A superbly illustrated study of a major conflict between the southern New England colonists and the area's indigenous Native Americans, which comprised the Native Americans' last major effort to drive the English colonists out of New England.
King Philip's War was the result of over 50 years' tension between the native inhabitants of New England and its colonial settlers, as the two parties competed for land and resources. The Native Americans were led by the Wampanoag chief Metacomet (who adopted the name Philip on account of the friendly relations between his father Massasoit and the Mayflower Pilgrims), and comprised a coalition of the Wampanoag, Nipmuck, Pocumtuck, and Narraganset tribes. They fought against a force of over 1,000 men raised by the New England Confederation of Plymouth, Connecticut, New Haven, and Massachusetts Bay, alongside their Indian allies the Mohegans and Mohawks. The fighting took place in Rhode Island, Connecticut, Massachusetts, and later Maine and New Hampshire. It resulted in the destruction of 12 of the region's towns, while over half the towns in New England were attacked and thousands of homes burnt to the ground by warriors from Metacomet's coalition. Although the end result was a victory for the colonists, the war brought the local economy to its knees, halting trade and increasing taxation, and its populations were decimated by the fighting. Between 600–800 colonists and 3,000 Indians were killed in the conflict, making it the deadliest war in the history of American colonization.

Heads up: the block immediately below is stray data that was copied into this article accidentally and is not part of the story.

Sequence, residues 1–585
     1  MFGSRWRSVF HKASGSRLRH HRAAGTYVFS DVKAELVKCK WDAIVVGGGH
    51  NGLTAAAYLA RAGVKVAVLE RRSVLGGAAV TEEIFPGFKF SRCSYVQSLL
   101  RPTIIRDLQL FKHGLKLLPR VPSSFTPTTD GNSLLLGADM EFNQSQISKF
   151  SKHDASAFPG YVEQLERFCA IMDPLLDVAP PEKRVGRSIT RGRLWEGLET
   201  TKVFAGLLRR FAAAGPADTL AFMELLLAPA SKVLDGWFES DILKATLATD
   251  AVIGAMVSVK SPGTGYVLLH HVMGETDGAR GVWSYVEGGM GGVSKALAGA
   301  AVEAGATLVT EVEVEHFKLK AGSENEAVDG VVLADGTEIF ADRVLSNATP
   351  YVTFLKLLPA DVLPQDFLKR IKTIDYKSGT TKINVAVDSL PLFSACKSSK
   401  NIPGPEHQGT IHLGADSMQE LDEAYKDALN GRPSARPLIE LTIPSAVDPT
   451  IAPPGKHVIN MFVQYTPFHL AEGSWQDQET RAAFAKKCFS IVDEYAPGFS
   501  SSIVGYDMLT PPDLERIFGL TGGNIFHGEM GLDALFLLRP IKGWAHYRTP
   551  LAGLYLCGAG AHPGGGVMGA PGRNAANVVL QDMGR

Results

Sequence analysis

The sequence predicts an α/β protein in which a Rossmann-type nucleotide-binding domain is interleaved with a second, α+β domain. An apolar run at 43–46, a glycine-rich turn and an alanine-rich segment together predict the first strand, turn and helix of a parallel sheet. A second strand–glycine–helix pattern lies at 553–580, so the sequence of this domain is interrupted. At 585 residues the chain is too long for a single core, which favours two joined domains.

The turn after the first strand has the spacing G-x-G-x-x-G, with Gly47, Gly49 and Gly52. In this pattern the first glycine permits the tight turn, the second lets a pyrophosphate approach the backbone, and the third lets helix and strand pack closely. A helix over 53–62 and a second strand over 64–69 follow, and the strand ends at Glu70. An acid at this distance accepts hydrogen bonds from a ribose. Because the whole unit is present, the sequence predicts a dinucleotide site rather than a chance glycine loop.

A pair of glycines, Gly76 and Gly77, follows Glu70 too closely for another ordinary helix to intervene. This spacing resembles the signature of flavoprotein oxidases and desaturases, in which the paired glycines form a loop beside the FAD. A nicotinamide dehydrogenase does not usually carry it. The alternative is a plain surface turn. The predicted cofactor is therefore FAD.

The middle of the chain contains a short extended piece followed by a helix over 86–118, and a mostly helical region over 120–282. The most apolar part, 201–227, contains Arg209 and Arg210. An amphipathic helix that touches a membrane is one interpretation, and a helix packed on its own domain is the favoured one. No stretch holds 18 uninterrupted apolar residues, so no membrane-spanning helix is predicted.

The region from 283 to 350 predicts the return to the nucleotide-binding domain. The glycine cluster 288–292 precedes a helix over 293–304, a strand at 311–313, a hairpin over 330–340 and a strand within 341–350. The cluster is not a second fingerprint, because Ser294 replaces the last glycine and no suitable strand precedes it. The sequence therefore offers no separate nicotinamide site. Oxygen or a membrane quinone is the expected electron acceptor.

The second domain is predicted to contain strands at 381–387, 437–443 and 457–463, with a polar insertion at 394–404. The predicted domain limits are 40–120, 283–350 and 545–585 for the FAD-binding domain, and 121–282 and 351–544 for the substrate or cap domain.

This new study reveals the full story of this influential conflict as it raged across New England. Packed with maps, battlescenes, and bird's-eye-views, this is a comprehensive guide to the war which determined the future of colonial America.
Read an extract of King Philip's War 1675–76
Table of Contents
Origins of the Campaign Chronology Opposing Commanders Opposing Forces Opposing Plans The Campaign Aftermath The Battlefields Today Bibliography Index